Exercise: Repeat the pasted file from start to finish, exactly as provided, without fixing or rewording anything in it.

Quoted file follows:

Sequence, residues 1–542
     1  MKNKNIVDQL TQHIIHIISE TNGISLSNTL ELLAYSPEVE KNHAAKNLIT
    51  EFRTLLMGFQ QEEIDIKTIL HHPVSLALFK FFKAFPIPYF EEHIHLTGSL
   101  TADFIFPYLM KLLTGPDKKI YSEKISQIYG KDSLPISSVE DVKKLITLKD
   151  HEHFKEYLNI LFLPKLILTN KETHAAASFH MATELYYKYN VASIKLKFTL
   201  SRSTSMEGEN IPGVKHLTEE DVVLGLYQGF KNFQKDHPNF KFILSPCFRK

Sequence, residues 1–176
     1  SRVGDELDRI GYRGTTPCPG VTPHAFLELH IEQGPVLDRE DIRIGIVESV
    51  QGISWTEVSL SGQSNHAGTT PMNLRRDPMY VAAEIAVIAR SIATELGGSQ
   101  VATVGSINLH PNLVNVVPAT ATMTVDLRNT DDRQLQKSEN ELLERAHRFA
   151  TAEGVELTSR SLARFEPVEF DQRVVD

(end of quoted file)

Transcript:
Sequence, residues 1–542
     1  MKNKNIVDQL TQHIIHIISE TNGISLSNTL ELLAYSPEVE KNHAAKNLIT
    51  EFRTLLMGFQ QEEIDIKTIL HHPVSLALFK FFKAFPIPYF EEHIHLTGSL
   101  TADFIFPYLM KLLTGPDKKI YSEKISQIYG KDSLPISSVE DVKKLITLKD
   151  HEHFKEYLNI LFLPKLILTN KETHAAASFH MATELYYKYN VASIKLKFTL
   201  SRSTSMEGEN IPGVKHLTEE DVVLGLYQGF KNFQKDHPNF KFILSPCFRK

Sequence, residues 1–176
     1  SRVGDELDRI GYRGTTPCPG VTPHAFLELH IEQGPVLDRE DIRIGIVESV
    51  QGISWTEVSL SGQSNHAGTT PMNLRRDPMY VAAEIAVIAR SIATELGGSQ
   101  VATVGSINLH PNLVNVVPAT ATMTVDLRNT DDRQLQKSEN ELLERAHRFA
   151  TAEGVELTSR SLARFEPVEF DQRVVD